On the wee coffee tables flanking the comfy armchairs in his den, Vinny Fitzpatrick carefully placed his cheese board selections.
The cheeses acknowledged the Green Bay Packers’ deep-rooted dairy heritage, and Vinny had sourced a couple of Wisconsin’s finest, a tangy blue and a nutty brick, from the deli on Vernon Avenue.
For an accompaniment, he had two packets of Jacob’s cream crackers, a jar of onion relish, and the last slab of stout from Christmas.
“Fail to prepare, prepare to fail, as Royzer would say,” grinned Vinny, as he opened his first can and delivered a practised pour.
It was Sunday night in Clontarf and Vinny was in ‘Cheesehead’ mode, right down to the replica Packers jersey he had somehow squeezed into – “for the first quarter anyway”.
His love of the Packers dated back to the late Vince Lombardi, the club's legendary coach of the 60s, who rattled off one-liners like Groucho Marx.
For all that Lombardi had more lip than Muhammad Ali, it had been the Packers' ensemble which caught Vinny's eye in Sports Illustrated as a chubby kid.
The green, white and gold colours were as close to the Irish tricolour as made no difference to Vinny, who hooked his American Football trailer to the wanderly wagon of Wisconsin.
Mostly, Vinny experienced winters of discontent but there had been Super Bowl glory years of 1996 and 2010, and now the Packers, unfancied outside of Green Bay, had advanced to the playoffs as a wild card.
and his magic arm calling the shots, Vinny felt they had a squeak of going all the way.
If they did, he’d be €660 richer, having had a score last September on the Packers at 33/1. “That would reduce the Leopardstown swelling,” he thought.
Just then, Vinny’s phone beeped with a text. His caller had arrived. Quietly, so as not to waken the twins or Angie, Vinny tip-toed downstairs and opened the hall door.
There, he was greeted by a tall figure in Indian garb, complete with a fine feather headdress. “How,” quipped the visitor, holding up the palm of his hand in friendship.
It was The Reverend whose passion for a punt was matched by his unyielding support of the Washington Redskins, for he had spent a cluster of summers working in ‘DC’ in the 80s when the Redskins ruled the NFL Wild West.
“C’mon up, Rev,” said Vinny, ushering his betting buddy upstairs.
A few minutes later, as the teams lined up for the kick-off, drinks were to hand and bets were in place, an even nifty-fifty on the outcome and €20 on the total number of points scored – Vinny went for 50 or more, The Reverend for 49 or less.
There was also the matter of ‘The Great Stomach Turn Off,’ which had been cooked up over a pint in Foley’s the night before.
If the Redskins scored a touchdown, Vinny would eat something green, as chosen by The Reverend; if the Packers got over the end line, the padre would chomp on some of Vinny’s red-skinned chow.
There were no boundaries on the victuals; they just had to be edible and harmless.
When the Redskins struck early, The Reverend reached into a brown paper bag and produced a sprout.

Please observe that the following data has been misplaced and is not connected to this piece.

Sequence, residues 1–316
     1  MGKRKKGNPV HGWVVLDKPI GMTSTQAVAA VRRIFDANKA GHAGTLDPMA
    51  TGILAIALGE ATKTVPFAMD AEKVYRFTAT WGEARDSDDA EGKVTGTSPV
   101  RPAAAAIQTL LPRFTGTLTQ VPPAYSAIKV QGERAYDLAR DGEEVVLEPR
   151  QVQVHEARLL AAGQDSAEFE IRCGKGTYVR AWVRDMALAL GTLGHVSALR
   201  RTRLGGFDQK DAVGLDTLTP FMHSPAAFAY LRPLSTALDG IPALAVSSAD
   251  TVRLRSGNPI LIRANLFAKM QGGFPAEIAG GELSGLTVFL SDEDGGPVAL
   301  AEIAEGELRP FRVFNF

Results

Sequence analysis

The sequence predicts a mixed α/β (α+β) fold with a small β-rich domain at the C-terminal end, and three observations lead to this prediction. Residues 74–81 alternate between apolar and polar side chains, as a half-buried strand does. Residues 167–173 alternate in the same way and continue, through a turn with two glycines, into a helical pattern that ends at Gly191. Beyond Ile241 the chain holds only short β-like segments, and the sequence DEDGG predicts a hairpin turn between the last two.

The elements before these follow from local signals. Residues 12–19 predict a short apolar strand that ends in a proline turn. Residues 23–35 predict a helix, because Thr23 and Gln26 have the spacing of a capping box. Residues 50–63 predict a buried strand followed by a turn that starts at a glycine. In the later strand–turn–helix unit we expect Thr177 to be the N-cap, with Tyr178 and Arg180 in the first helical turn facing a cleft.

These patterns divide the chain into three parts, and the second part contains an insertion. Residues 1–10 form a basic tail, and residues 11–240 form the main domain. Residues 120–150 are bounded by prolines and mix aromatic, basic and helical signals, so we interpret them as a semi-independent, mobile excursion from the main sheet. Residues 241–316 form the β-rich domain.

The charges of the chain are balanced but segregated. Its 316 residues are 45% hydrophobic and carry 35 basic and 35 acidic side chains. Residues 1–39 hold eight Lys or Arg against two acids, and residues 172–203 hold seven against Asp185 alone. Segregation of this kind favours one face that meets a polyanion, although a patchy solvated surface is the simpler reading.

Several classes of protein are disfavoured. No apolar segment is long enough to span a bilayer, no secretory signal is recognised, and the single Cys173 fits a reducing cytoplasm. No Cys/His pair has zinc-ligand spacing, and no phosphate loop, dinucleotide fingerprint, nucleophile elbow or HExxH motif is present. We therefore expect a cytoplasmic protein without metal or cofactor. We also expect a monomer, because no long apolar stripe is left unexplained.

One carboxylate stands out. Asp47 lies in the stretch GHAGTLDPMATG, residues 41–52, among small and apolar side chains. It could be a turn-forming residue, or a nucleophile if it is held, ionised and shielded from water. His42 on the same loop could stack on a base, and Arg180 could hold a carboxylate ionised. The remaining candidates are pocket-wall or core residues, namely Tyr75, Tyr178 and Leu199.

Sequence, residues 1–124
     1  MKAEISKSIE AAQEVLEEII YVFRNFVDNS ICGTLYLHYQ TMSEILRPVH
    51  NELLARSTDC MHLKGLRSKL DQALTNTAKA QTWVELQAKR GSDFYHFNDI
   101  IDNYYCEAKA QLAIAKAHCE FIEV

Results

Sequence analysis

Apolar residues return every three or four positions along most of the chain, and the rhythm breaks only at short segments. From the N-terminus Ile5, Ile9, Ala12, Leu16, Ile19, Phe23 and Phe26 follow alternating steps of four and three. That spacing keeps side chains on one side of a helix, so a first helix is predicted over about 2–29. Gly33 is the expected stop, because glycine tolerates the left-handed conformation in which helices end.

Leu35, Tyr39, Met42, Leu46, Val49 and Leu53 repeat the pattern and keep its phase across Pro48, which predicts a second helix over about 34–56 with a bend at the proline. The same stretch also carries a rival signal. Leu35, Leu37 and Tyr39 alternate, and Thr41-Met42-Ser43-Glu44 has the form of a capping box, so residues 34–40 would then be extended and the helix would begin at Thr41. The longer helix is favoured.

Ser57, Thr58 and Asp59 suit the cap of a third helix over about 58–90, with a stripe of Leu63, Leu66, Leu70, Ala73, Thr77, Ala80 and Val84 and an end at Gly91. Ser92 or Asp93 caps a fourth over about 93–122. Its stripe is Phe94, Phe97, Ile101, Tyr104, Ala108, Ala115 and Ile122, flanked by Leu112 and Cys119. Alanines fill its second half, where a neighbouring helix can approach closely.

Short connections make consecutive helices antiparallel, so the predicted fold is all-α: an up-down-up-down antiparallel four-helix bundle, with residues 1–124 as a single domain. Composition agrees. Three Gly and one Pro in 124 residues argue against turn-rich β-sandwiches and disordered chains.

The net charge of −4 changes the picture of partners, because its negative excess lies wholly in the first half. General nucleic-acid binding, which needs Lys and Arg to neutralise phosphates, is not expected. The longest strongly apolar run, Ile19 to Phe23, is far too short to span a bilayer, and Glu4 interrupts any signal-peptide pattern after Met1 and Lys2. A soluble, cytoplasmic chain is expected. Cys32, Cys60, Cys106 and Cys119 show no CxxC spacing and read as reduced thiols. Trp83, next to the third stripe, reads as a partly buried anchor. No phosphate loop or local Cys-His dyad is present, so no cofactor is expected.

“The last of the Cheeky Charlies from Christmas,” he grinned. “Boiled earlier to within an inch of its life.”
With a grimace, for he hated sprouts, Vinny managed to chomp down on the cabbage-like marble, whose taste he drowned out with an accompanying can.
“Yuch,”’ he grimaced.
Thankfully for Vinny, the Packers hit back. After their first touchdown, he served a portion of crispy skins from two rooster spuds baked earlier. “These are yummy,” said The Reverend.
When the Packers scored again, it was a slice of red onion from Vinny’s kitchen for The Reverend. “Not so yummy,” he muttered.
At 17-11, the Packers were in front but the Redskins hit back with their second touchdown, after which The Reverend flaunted a wee plastic tub. “Get a whiff of this,” he said, opening the lid.
The aroma was overpowering and reminded Vinny of the niff from his feet after a day’s golf in high summer.
“Stilton, the king of cheeses. This one’s all green and yellow too, if a little overripe,” grinned The Reverend.
Undeterred, Vinny dipped a finger into the Stilton and sucked on it fondly.
“Magic,” he said. “Worth falling behind for too.”
Thereafter, the traffic was all one-way as the Packers tacked on two more touchdowns to pull clear. In turn, The Reverend was given a slice of watermelon and a handful of strawberries.
“I thought about a red-hot chilli pepper but couldn’t do that to you, Rev,” said Vinny. “Anyway, I won both bets so that’s seventy nicker you’re down.”
As they finished off a final can apiece, The Reverend acknowledged the influence of quarterback Rodgers.
“He’s a heck of a player, one of the best, but he’ll have his work cut out against ‘Major Tom’ if the Packers meet the Patriots in the Super Bowl,” said The Rev.
Both men nodded in agreement for they held Tom Brady in the highest esteem.
“To Major Tom,” they said before calling it quits.
As Vinny waved his friend off home at the door, he was struck by the clear night sky.
Above, to the north, The Plough was tilted on its handle, to the south-east the belt of Orion twinkled brightly.
“The stars look very different today,” he thought.